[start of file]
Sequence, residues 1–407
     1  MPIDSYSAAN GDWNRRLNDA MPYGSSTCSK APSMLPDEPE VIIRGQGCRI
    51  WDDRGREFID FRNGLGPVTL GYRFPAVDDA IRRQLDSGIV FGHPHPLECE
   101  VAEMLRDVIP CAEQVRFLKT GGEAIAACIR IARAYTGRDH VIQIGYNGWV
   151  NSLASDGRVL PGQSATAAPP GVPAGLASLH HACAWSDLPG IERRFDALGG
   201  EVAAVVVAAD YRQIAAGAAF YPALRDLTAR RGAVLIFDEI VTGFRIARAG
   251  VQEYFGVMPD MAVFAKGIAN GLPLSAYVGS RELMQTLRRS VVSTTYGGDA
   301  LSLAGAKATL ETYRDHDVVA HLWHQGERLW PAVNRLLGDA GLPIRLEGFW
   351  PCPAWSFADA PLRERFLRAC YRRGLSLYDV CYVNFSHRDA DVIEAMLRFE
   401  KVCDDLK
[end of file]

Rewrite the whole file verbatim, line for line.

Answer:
Sequence, residues 1–407
     1  MPIDSYSAAN GDWNRRLNDA MPYGSSTCSK APSMLPDEPE VIIRGQGCRI
    51  WDDRGREFID FRNGLGPVTL GYRFPAVDDA IRRQLDSGIV FGHPHPLECE
   101  VAEMLRDVIP CAEQVRFLKT GGEAIAACIR IARAYTGRDH VIQIGYNGWV
   151  NSLASDGRVL PGQSATAAPP GVPAGLASLH HACAWSDLPG IERRFDALGG
   201  EVAAVVVAAD YRQIAAGAAF YPALRDLTAR RGAVLIFDEI VTGFRIARAG
   251  VQEYFGVMPD MAVFAKGIAN GLPLSAYVGS RELMQTLRRS VVSTTYGGDA
   301  LSLAGAKATL ETYRDHDVVA HLWHQGERLW PAVNRLLGDA GLPIRLEGFW
   351  PCPAWSFADA PLRERFLRAC YRRGLSLYDV CYVNFSHRDA DVIEAMLRFE
   401  KVCDDLK